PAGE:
Antibiotic deaths mystify
Investigators are still searching for the cause of at least six deaths among patients who received the same antibiotic, a deputy health minister said yesterday. Local officials have been ordered to file daily reports on possible new victims, said Jiang Zuojun. "We can't tell what was wrong with the drug at present," Jiang said at a news conference. The government banned the drug, clindamycin phosphate glucose, last week after a six-year-old girl died and dozens of people fell ill. Five more fatalities have been reported since then, and news reports say there is a possible seventh death.
Two dozen missing in crash
Rescue workers in southern China are searching for 24 people missing after a bus plunged off a mountain road into a river, state media reported. The bus, carrying 35 passengers and traveling from Qiaojia County to Zhaotong City in Yunnan Province on Wednesday, ran off the road into the Niulan river 100m below, Xinhua said in an overnight report. Eleven people were injured, Xinhua said. China has the highest annual road death toll in the world.
Drought problems spread
A persistent drought in parts of China has affected 17.6 million hectares of farmland across the country since April, up 21 percent from the same period last year, the official Xinhua news agency said yesterday. Xinhua said Chinese Premier Wen Jiabao (溫家寶) urged local and central government departments to take efforts to secure water supplies for people and cattle in some northern, southwestern and southern areas that have been hit hardest by the drought.
Rebels forego land mines
Leaders of a rebel movement fighting the country's military junta will stop using land mines in their insurgency, a small, Geneva-based group announced yesterday in disclosing the latest militant group to sign on to its campaign against targeting civilians in war zones. "It decreases our capacity, but we can find other means to fight," said Thomas Thangnou, the top political official of the Chin rebels, who have been fighting Myanmar's government for almost two decades on behalf of what it says are persecuted Christians.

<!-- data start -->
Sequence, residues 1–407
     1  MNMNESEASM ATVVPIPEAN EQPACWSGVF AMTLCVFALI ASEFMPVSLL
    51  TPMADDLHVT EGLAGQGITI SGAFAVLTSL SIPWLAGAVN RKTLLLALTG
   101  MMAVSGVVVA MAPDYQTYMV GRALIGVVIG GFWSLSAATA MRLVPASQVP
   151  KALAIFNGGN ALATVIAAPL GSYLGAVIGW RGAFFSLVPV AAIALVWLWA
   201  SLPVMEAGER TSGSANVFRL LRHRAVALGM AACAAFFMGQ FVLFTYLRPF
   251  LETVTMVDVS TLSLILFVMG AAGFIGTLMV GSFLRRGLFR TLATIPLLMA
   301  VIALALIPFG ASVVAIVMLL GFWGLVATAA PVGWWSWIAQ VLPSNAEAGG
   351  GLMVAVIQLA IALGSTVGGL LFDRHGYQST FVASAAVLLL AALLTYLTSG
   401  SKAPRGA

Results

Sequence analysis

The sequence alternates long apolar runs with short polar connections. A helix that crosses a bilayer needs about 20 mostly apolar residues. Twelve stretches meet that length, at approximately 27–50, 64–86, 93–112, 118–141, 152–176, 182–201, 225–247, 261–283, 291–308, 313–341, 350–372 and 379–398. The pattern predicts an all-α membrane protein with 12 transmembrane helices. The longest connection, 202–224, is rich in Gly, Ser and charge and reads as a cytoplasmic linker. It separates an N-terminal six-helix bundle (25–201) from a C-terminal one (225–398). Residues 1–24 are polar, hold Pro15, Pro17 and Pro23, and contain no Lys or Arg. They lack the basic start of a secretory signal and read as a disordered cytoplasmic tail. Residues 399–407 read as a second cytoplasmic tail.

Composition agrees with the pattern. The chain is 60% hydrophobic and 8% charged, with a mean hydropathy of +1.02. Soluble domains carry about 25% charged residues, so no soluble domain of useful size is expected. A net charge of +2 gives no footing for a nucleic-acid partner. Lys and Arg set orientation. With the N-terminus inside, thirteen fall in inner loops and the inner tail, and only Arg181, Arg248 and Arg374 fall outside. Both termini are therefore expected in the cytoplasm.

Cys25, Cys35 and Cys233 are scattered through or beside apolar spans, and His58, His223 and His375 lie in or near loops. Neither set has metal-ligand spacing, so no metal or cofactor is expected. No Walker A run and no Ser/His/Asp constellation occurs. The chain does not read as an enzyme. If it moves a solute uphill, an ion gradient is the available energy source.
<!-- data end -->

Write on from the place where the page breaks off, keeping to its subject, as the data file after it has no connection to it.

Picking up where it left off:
Clash leaves 20 dead
A clash in southern Afghanistan left 12 Taliban militants and 8 policemen killed, a spokesman for a provincial governor said yesterday. The clash occurred on Tuesday in Shaiqh Qalander area of Panjwayi district in Kandahar Province, spokesman Dawood Ahmadi said. In the fight nine militants and seven officers were also wounded, Ahmadi said. The rebels took away their dead and wounded as they fled from the scene and police are pursuing them, he said.
Fetuses found in well
Thirty-five decomposed fetuses have been recovered from a well near a hospital in Punjab, where girls are routinely aborted despite a ban on sex-determination tests, officials said yesterday. "A nurse has made a statement saying she has been working at the hospital for one-and-a-half months, and during this period 12 or 13 female fetuses have been destroyed," Varinder Singh Mohi, a senior government doctor said. The couple who run the hospital in Patran, 115km south of the state capital, Chandigarh, had been arrested, he said. The remains had been sent for tests to determine the sex of the fetuses.
Sumos help fight flab
In their latest effort to fight the flab, overweight Japanese are turning to the behemoths of the sumo ring, who have released a DVD of simple exercises they claim keep them supple and, yes, fit. Sumo Health Exercises features professional sumo wrestlers demonstrating 12 sets of stretches, squats and splits. Despite their impressive girths, sumo wrestlers are fitter than most people think. "For their size, many wrestlers have a low fat ratio. They're professional athletes, after all," Hideki Yazaki of the Japan Sumo Association said. The sumo association says the exercises strengthen the back and legs, and can be performed by children and adults alike. "They're fun, so we hope parents can get kids to do them instead of playing computer games all day," Yazaki said.